Wall Street and the wealthy complain about rising interest rates, yet they are finding ways to benefit from them, while ordinary Americans suffer in multiple ways.
For the first time since before the global financial crisis, the Federal Reserve’s target interest rates are now over five percent. The Fed’s rates flow through to all forms of debt, including mortgages and auto loans. For context, interest rates floated around zero for nearly a decade from 2009 until the economy started to get moving again in 2017. When the COVID-19 panic struck in 2020, the US government followed the 2008 crisis playbook and took interest rates back down to zero. In both periods, the result was enormous asset bubbles in everything from real estate to stocks to collectibles, whether of art, watches, or more recently, NFTs. Zero interest rates thus primarily benefited the already wealthy, while those who relied on either wages from their labor or income from savings or fixed income lagged further and further behind.
In early 2022, when inflationary pressures became too obvious to ignore, the Federal Reserve began a campaign to aggressively raise interest rates. Many observers argued that rising rates would pop these asset bubbles, but to date they have not. Rather than acting as an equalizer, rising interest rates are penalizing the indebted working and middle classes, and especially those hoping to become first time homeowners, while again primarily benefiting Wall Street and the already wealthy, for which the rapid rise of interest rates has been a surprising boon.
For example, investment and commercial banks are taking advantage of the widened spread between what they earn on their investments and what they pay depositors and others who fund their activities. This increased profitability may not last forever, but for the moment banks are benefiting while smaller, less sophisticated “main street” savers are suffering losses from deposit yields that pay less than the rate of inflation.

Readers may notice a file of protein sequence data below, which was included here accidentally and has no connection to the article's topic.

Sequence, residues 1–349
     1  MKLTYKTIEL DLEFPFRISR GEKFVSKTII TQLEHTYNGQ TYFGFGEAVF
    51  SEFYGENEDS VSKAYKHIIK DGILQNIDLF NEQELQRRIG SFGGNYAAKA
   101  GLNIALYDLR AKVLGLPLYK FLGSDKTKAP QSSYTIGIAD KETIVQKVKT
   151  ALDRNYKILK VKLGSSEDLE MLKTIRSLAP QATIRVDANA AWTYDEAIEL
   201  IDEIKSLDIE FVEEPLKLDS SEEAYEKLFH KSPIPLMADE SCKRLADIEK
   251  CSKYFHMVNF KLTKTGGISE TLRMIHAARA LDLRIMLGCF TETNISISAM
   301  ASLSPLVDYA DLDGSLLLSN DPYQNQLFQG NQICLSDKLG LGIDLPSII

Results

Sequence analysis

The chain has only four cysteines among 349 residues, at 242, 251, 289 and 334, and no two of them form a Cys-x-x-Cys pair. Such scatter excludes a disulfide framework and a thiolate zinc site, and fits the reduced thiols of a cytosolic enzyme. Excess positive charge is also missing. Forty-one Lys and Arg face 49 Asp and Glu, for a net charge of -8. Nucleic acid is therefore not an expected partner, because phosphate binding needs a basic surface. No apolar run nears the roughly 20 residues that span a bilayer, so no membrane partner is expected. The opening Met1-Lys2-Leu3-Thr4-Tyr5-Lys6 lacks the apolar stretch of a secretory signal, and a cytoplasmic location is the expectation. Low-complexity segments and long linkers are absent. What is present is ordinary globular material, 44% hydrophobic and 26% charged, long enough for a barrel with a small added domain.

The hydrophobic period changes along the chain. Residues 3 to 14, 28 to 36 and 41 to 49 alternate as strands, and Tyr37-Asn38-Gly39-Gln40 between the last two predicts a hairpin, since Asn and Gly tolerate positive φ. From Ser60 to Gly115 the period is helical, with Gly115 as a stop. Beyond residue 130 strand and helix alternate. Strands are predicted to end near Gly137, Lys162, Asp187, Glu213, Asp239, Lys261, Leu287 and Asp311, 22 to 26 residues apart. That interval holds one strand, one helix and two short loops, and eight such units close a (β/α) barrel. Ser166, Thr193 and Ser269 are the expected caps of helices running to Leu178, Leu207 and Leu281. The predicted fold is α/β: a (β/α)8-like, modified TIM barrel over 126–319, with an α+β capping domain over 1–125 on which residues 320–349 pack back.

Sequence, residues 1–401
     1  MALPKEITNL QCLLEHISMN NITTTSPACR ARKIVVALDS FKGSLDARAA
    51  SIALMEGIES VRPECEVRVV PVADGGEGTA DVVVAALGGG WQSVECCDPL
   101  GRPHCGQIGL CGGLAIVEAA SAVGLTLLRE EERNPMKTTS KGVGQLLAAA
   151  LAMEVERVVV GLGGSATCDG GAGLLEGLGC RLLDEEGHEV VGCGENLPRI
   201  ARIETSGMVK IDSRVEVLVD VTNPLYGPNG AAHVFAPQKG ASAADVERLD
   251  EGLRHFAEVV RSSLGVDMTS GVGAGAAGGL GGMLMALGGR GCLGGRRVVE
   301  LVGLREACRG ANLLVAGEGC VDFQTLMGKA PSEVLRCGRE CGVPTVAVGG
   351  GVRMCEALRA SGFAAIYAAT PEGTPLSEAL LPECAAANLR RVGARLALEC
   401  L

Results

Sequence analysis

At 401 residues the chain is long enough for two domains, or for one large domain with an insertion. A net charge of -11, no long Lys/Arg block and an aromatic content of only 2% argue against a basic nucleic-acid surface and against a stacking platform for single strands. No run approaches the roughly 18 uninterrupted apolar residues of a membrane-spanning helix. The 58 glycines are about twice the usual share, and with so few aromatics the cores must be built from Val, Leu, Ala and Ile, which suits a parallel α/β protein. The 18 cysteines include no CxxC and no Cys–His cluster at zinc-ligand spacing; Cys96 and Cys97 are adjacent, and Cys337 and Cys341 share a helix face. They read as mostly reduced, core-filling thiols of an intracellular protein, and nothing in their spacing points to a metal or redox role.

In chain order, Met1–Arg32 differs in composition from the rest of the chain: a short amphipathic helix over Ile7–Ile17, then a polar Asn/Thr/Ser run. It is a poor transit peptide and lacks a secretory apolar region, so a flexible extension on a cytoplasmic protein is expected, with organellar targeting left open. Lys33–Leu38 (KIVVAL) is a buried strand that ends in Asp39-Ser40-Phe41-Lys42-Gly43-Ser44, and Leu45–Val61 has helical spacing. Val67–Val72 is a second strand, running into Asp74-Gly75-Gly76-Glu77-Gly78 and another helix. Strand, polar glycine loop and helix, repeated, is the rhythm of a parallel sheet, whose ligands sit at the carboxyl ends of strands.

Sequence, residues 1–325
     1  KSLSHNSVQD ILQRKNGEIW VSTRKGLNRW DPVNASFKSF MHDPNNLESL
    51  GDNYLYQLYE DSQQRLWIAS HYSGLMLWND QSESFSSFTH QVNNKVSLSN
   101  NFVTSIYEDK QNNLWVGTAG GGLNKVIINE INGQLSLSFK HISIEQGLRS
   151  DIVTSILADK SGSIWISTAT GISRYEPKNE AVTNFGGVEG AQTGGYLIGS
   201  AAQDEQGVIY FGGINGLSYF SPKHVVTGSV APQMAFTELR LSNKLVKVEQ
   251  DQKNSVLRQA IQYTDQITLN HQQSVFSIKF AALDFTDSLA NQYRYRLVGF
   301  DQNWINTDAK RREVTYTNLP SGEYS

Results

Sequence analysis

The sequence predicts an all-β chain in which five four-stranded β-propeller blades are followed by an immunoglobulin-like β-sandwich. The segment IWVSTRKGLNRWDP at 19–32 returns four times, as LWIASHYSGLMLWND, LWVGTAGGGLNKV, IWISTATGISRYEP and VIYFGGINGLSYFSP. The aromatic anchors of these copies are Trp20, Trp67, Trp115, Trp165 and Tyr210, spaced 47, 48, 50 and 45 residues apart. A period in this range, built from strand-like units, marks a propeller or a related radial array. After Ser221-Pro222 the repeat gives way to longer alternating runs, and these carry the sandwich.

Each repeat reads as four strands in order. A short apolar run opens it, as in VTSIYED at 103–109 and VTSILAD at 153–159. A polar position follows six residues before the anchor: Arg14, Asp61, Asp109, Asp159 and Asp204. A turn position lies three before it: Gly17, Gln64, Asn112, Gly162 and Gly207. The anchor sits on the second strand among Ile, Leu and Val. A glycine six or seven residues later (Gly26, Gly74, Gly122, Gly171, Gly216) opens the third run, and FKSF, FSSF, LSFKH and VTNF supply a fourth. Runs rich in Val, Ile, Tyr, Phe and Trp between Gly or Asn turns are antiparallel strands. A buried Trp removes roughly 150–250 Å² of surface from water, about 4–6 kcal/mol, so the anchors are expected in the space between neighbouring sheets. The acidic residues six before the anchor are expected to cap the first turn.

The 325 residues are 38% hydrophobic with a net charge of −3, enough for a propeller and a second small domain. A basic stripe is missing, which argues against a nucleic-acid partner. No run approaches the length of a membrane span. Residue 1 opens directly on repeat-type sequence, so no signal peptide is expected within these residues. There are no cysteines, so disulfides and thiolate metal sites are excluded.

Ten percent of the US population now holds nearly 70 percent of the nation’s wealth. This is up from 60 percent in 1990, reflecting increasing wealth concentration in the era of low rates. It is no surprise that this top wealth decile also holds most of the personal savings held in banks and in money market funds. With interest rates now above five percent, a wealthy individual moving $100,000 into US Treasuries or money market funds will earn above $5000 annually while maintaining relatively low risk holdings. There has been a large shift in asset allocation as a result, while at the same time nearly a trillion dollars of funding have left the banks which are still paying low rates on deposits.
On the other hand, the least wealthy half of the country’s population holds an anemic 2.4 percent of national wealth. What little wealth is held by this half of the population is found in real estate (i.e., homes) and consumer durables (cars and the like). Only a miniscule amount is held in financial assets such as savings accounts and money market mutual funds. As a result, most Americans are missing out on any opportunity to benefit from higher yields. The one asset this group tends to own is their home, which, all else equal, declines in value as interest rates rise.
As a result of inflation, Americans have been depleting whatever savings they had previously cobbled together in order to pay higher prices for groceries, electricity, gas, and other daily needs. According to JPMorgan research, Americans have now used up all of the $2.1 trillion of aggregate excess savings that were accumulated during the COVID-19 period of lockdowns and government handouts.